Tag Archives: Economy


Fact: Starting October 2012, Sheridan college is starting to charge 3 dollars to park after 3:00 pm for those part-time students who do not have permits (Parking Policies). It has been free for all this while… so why change it now?

Well, to answer that question, let me ask you this one: Are higher education establishments becoming money-grabbing institutions? I mean, you have to admit that the cost of pursuing higher education (either via College or University) is ridiculously expensive, like for instance investing in textbooks that will become obsolete in under a year.

Now what does this have to do with “ripples” you ask? Well remember that it only takes a drop of water to cause ripples in a vast body of water… so maybe it will only take a cumulation of small changes like this to start off the vehicle of change. What do you think? Have we, the masses, become mindless drones so overwhelmed with the regular bustle of life that we fail to think critically? Critically enough to push for changes?

You tell me.


Suits, Ties, and Higher Education

I’ve been watching Suits after some extreme nudging from those around me and I’m not going to lie, it’s an amazing show. I mean, what’s not to love! The music is great, the characters are believable, and the fashion is incredible… but it’s the premise of the show that really got to me. Mike Ross, one of the main characters, never went to Harvard and yet he landed an associate position with an extremely popular corporate lawyer Harvey Specter all because of his wit and his gift of memorizing and understanding everything he reads. Aka, he gets a chance to make a lot of money without the education to back him up. But, of course, this is illegal. VERY illegal.


This got me thinking about real life. There are brilliant people like Mike Ross out there and yet, they don’t reach their full potential because they lack the higher education. It’s a bold statement to say, but unfortunately it is true. They say that this is the era for opportunities which are readily available to all those who seek it… but is it really? Higher education is expensive and with the economy in such bad shape, why should people spend so much money on degree after degree when the promise of a lucrative job available upon graduation is non-existent? Furthermore, for some families, scrounging up the money for higher education seems like a burden, so some people are deprived of the vital support and funds.

Granted that there are some fields where higher education is needed like, for instance, the medical field. Personally, I would feel a whole lot better being treated by someone who has their credentials. But in that being said, getting the essential education shouldn’t be so hard. Solution? What if obtaining higher education wasn’t so expensive? What if it were, dare I say, free? I’m sure you’d agree with me when I say that that would tap into a wealth of brilliant, disadvantaged people. Then, this would truly be the era of opportunities.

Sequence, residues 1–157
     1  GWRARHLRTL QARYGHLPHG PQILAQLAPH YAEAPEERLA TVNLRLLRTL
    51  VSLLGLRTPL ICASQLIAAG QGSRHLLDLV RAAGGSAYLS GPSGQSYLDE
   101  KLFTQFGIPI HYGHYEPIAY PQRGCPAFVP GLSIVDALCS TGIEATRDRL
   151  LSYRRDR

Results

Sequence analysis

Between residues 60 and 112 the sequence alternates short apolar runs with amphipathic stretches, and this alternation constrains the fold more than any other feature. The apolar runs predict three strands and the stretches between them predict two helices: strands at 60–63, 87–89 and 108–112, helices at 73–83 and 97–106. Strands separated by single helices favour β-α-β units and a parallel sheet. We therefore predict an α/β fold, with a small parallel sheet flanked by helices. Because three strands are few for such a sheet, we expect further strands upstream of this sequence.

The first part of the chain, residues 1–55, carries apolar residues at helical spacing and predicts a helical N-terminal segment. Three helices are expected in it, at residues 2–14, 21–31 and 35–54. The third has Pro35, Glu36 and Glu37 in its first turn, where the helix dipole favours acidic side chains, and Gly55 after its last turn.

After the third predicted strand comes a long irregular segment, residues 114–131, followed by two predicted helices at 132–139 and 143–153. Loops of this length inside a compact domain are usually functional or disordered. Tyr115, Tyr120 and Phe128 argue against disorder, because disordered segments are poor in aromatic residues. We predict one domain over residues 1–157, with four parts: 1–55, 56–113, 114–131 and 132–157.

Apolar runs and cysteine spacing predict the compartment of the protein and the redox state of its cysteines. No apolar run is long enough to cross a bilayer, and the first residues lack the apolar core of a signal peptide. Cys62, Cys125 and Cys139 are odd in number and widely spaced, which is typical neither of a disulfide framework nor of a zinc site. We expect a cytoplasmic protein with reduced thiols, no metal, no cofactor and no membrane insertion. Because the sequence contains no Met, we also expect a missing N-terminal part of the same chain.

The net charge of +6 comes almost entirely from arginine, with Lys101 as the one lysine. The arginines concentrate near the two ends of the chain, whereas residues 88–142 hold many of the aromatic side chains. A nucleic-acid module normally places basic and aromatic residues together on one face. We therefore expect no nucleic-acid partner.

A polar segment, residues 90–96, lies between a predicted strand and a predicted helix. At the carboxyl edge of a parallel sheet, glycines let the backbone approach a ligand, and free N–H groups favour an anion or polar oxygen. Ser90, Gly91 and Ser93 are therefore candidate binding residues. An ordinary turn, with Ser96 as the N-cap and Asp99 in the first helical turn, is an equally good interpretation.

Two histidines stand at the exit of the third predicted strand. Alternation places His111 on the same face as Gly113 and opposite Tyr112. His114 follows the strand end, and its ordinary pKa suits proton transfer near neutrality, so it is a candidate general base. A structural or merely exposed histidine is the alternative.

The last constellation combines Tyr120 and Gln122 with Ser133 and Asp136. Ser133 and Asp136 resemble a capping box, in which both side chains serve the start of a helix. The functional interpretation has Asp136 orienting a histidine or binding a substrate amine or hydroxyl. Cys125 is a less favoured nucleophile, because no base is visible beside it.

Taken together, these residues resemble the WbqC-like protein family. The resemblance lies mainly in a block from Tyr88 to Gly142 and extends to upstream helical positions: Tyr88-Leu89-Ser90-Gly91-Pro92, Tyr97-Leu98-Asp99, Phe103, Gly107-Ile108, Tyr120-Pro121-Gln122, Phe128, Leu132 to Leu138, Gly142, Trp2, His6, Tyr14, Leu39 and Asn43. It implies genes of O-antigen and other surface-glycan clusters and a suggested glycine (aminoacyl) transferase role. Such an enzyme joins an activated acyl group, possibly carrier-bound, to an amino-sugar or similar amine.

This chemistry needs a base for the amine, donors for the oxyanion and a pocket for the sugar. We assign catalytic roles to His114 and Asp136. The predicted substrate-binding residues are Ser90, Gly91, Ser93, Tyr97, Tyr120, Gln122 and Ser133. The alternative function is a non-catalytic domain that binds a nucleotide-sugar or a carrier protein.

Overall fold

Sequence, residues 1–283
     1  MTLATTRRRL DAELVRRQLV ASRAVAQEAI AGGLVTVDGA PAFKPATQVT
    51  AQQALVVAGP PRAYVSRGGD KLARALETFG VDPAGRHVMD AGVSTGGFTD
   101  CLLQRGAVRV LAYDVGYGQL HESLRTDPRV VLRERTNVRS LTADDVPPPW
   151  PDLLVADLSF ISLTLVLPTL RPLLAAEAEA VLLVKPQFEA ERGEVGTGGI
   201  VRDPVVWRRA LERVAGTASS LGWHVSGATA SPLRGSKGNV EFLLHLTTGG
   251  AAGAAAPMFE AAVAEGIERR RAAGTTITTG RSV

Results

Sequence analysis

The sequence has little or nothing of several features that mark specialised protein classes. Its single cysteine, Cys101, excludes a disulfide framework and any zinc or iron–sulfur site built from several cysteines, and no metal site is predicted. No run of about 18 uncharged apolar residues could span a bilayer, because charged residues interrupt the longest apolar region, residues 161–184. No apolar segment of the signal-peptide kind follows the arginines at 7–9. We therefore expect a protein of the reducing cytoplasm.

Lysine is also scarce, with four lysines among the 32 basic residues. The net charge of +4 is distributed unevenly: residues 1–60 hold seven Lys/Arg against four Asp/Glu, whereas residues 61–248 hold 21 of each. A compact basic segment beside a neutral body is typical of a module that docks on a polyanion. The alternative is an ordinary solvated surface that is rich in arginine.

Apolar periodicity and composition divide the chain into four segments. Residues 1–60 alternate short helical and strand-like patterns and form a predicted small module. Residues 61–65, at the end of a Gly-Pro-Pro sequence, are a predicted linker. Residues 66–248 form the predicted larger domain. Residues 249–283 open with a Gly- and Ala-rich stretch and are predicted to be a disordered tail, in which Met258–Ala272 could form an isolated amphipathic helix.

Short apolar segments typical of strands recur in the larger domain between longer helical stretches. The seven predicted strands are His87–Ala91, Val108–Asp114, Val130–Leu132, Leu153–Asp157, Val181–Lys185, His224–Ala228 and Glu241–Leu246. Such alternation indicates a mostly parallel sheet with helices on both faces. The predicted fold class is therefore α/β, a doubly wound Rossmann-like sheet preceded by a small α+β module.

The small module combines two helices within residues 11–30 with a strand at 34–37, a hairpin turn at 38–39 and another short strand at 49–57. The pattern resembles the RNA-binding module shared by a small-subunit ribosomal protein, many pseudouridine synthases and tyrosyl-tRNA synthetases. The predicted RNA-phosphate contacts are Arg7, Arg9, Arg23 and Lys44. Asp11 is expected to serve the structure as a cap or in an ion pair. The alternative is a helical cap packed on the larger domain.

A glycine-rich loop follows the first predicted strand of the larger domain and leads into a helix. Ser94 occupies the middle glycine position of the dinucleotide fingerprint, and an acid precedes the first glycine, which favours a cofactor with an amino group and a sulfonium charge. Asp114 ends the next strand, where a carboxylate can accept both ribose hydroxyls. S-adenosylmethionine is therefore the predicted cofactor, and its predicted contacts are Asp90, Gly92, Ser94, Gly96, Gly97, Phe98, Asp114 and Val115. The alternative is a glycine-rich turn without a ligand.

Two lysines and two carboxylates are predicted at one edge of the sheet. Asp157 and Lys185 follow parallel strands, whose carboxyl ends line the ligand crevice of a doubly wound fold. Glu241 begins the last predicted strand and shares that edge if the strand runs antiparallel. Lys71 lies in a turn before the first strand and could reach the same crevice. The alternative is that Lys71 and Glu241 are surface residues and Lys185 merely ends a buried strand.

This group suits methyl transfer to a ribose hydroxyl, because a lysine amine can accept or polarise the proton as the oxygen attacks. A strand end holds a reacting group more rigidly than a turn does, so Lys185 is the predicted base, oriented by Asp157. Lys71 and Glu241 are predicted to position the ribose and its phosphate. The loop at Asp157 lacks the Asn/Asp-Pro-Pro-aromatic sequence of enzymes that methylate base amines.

Photo Courtesy of Google Images

Right now, I’m listening to the rain. As each rain drop falls from the sky and splashes on the ground, a melodic sound echos through the air. That, and coupled with the sound of gentle wind chimes and waves just enrich the audio experience.


I’m listening to ambient music courtesy of an app on my iPhone because I miss the rain. The weather has been teasing us Canadians with the promise of rain to cool us off from the intense heat and humidity we’ve been condemned to this summer. Unfortunately, it hasn’t properly rained in what feels like ages and this, my friends, is highly problematic. Why? We risk a severe drought. Already the grass is shrivelled and burnt. And let’s not forget the flowers that can’t stand the direct rays of the afternoon sun, as they have been roasted alive.

It gets worse.

On the news, the anchors and specialists were talking about the drought affecting food prices and ultimately the economy (unfortunately, I can’t remember the direct source). How? The crops aren’t surviving, which means that food prices are going to increase because the supply is dwindling. Now, the economy is already taking a nose dive so people are already pinching their pockets. But with the expected increase in grocery bills, people will think twice about breaking the bank over gourmet foods. Less spending = bad for the economy. Now this is based on the drought in the US, but it will take a toll on those countries which US exports to. Clearly I’m just grazing the surface on this impending crisis, so by all means, research into this problem further.

Talk about consequences.